The process of the instant invention is significant since it permits the mass production of the coated encapsulated kernels. In the instant method, if an alginate is used the catalyst or hardening compound is added to the initial layer about the corn kernel followed by adding the kernels to the alginate either in solution or in the form of an aqueous mist or spray. The catalyst in the inner shell then reacts with the alginate in the solution or sprayed to form the outer encapsulating layer about the corn. The procedure can be carried out either on a batch or on a continuous basis.
In the continuous basis the corn kernels are preferably put on a perforated conveyer belt which dips into a bath of the liquefied oleaginous substance or wax and carries the corn therethrough to ensure coating of all of the kernels. The traveling belt then removes the coated corn from the bath and conveys it for a time sufficient to dry the same so it ca then be placed into the solution of the encapsulating material. If an alginate encapsulating layer is to be utilized, intermediate the tank containing the oleaginous substance or wax and that containing the alginate encapsulating material, there is a zone of application of a layer the catalyst material onto the coated corn. This is preferably done in the form of a fine powder applied onto the corn having a tacky surface of oleaginous substance or wax that has not been completely dried.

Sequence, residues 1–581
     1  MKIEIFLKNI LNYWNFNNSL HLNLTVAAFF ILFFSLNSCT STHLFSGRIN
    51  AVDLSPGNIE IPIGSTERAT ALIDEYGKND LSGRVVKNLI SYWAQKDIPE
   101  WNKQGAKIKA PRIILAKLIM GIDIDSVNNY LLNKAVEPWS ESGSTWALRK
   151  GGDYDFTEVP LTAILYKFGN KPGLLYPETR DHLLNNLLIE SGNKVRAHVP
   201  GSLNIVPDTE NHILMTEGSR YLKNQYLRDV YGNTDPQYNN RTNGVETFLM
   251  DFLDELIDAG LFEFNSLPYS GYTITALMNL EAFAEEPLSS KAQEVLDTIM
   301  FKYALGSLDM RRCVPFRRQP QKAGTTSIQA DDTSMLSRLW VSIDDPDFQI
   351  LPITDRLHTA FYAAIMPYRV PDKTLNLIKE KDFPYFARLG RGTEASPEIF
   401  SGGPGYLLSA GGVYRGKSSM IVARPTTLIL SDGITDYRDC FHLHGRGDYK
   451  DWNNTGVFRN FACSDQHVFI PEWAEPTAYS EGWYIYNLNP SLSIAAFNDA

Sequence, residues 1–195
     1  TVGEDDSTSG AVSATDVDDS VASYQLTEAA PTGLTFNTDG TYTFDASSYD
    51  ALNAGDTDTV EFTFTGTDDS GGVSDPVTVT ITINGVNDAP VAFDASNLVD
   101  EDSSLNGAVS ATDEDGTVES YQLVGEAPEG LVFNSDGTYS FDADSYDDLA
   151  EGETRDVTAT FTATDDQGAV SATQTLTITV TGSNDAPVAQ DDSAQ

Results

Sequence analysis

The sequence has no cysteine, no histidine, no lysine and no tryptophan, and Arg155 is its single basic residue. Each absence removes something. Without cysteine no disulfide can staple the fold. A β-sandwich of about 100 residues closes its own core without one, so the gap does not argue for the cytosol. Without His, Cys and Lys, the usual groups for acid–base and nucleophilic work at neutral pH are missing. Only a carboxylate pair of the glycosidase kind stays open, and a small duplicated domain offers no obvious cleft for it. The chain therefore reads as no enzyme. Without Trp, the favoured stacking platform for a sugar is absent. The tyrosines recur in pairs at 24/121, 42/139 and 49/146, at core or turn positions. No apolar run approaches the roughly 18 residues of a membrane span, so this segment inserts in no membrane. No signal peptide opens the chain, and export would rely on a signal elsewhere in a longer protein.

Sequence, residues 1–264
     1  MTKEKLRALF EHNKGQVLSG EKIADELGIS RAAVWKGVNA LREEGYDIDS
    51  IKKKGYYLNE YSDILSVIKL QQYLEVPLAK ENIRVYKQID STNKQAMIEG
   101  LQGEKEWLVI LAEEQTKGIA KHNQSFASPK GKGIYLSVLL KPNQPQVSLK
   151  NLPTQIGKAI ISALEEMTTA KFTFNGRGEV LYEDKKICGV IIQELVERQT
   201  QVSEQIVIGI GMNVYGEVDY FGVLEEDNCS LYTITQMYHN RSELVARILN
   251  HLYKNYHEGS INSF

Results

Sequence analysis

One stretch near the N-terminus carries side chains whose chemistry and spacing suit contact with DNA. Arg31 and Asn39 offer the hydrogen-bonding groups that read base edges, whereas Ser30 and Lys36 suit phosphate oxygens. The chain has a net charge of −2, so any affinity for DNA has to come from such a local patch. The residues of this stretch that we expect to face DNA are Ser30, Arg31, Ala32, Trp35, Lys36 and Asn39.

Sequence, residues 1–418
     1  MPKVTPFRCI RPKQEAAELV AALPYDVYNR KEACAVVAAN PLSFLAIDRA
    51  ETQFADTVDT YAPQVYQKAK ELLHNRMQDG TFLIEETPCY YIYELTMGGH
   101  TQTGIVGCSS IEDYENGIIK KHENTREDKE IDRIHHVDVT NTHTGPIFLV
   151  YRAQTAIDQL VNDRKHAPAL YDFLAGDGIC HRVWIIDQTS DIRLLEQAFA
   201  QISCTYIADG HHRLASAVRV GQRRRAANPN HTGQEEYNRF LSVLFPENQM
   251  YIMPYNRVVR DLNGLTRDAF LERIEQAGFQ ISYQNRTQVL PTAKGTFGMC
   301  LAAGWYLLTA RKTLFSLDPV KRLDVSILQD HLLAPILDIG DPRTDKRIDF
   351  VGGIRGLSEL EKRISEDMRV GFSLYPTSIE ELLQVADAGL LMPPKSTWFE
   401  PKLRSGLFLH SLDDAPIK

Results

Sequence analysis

The retention time of the corn in the encapsulating material is dependent upon the thickness desired of the shell and can vary widely. The thickness need only be that required to ensure that the shell does not abrade or rupture to expose the inner oleaginous or waxy layer. This will vary dependent upon the strength of the particular encapsulating material used and can be determined by routine experimentation. Excess thickness may result in an objectionable amount of outer shell residue in terms of causing undesirable taste.
As to the thickness of the inner oleaginous or waxy layer there is again no criticality as long as there is a coating of the kernels. However, the thickness should not be too great so as to give the popped corn an oily or waxy taste. Again, routine experimentation will determine the most suitable thickness for any particular oleaginous material or wax.
If desired, the oleaginous or waxy layer can also contain flavorants, such as salt, pepper, spices, flavoring oils, or combination thereof; odorants such as volatile oils to give a butter or other aroma; biocides such as edible fungicides; i.e., sodium propionate and the like, to inhibit any mold spoilage of the corn; colorants to give different colored popcorn; as well as combinations of the foregoing and other edible materials that can be added to popcorn. In the case of oleaginous materials, conventional antioxidants can be added to inhibit or prevent rancidity. If desired, some of these components can be included in the outer shell.
The invention will be further described in connection with the following example which is set forth for purposes of illustration only.